17 Evening Bells (Carste; Ralph Maria Siegel)
DOLF VAN DER LINDEN AND HIS ORCHESTRA (‘Van Lynn’ on disc label)
Brunswick LAT 8074 1955
18 Fifth Avenue Waltz (Robert Mersey)
QUEEN’S HALL LIGHT ORCHESTRA Conducted by MALCOLM LOCKYER
Chappell C 635 1959
19 Dance Ballerina Dance (Carl Sigman; Sidney Keith Russell)
WERNER MÜLLER AND HIS ORCHESTRA
Decca SLK 16 234P 1962
20 Golden Slippers (Trad. arr. Rickey Marino; Felix Slatkin)
FELIX SLATKIN AND HIS ORCHESTRA
Liberty LSS 14024 1962
21 Interval Waltz (Vivian Ellis)
THE NEW CONCERT ORCHESTRA
Boosey & Hawkes O 2408 1962
22 Rhumba For Romeos (Trevor Duncan, real name Leonard Trebilco)
THE NEW CONCERT ORCHESTRA Conducted by MONIA LITER (‘Paul Hamilton’ on disc label)
Boosey & Hawkes O 2378 1960
23 Pretty Polka (Geoffrey Henman)
THE NEW CONCERT ORCHESTRA Conducted by MONIA LITER (‘Paul Hamilton’ on disc label)
Boosey & Hawkes O 2402 1961
24 Venus Waltz (Ron Goodwin)
HANS GEORG ARLT AND HIS ORCHESTRA
Ariola 32721 1958
25 Millionaire’s Hoe-Down (Wayne Robinson; Caesar Giovannini; Herman Clebanoff)
CLEBANOFF AND HIS ORCHESTRA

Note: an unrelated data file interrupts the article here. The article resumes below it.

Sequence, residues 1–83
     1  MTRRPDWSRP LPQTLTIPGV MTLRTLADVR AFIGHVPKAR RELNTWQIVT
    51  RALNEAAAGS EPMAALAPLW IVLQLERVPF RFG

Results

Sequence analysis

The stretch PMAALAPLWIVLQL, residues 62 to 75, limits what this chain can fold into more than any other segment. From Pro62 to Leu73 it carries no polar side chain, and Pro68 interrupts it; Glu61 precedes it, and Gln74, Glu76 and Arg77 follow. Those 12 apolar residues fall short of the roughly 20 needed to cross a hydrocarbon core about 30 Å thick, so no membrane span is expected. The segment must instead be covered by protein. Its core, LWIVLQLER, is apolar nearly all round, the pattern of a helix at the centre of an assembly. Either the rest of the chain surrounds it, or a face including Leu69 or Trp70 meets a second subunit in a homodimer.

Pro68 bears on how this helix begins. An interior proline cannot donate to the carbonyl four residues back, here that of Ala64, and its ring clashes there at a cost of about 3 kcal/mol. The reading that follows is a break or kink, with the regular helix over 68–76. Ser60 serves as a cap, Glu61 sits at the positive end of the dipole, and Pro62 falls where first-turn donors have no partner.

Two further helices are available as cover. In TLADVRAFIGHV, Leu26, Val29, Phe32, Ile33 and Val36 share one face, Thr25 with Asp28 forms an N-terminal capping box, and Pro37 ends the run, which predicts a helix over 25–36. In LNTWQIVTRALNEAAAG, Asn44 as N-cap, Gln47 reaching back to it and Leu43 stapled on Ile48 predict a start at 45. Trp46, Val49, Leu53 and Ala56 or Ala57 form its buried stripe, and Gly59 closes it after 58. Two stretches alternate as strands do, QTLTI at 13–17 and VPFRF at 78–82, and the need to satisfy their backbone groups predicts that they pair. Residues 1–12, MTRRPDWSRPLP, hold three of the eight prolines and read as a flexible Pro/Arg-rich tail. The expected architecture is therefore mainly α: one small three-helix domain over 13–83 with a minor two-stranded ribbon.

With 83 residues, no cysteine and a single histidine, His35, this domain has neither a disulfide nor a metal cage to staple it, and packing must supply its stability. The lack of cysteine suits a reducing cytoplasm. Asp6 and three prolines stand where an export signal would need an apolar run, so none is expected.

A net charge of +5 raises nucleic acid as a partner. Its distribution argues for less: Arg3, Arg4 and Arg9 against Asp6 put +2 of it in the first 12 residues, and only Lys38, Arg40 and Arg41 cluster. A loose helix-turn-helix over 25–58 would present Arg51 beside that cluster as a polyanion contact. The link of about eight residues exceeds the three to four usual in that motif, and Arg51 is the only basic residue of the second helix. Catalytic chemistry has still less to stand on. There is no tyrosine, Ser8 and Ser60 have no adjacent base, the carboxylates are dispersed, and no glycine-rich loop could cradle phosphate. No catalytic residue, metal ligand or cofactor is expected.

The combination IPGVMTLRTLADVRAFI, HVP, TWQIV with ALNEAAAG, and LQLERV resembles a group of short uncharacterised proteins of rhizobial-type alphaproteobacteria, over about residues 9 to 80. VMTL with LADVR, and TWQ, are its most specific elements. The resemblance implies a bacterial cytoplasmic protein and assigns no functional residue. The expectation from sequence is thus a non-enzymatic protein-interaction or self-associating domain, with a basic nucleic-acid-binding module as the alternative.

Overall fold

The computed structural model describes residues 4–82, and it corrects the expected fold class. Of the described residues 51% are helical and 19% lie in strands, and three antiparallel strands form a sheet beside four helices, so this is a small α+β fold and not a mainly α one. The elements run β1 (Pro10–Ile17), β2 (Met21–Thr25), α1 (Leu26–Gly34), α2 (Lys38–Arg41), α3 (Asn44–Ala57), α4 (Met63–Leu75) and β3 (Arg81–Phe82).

Mercury PPS 6019 1961
26 Invitation To The Dance (Carl Maria von Weber)
MANTOVANI AND HIS ORCHESTRA
Decca LK 4161 1956
Stereo: tracks 2, 19-25; rest in mono.
Eric Coates, the famous English composer of Light Music, once observed: "my marches aren’t intended for marching and my waltzes aren’t meant for waltzing". This oft repeated quote is not an entirely accurate description of everything he composed, but it does indicate that marches and waltzes (especially the latter) have provided inspiration for many composers who simply decided that they should be listened to rather than danced. This applies to a good number of the titles on this CD, although there are also many where the intention is definitely in favour of active participation, rather than purely passive listening. It will also be noted that a few numbers are not strictly dances, but somewhere in their titles the word ‘dance’ or ‘dancing’ appears, clearly suggesting what the composer had in mind.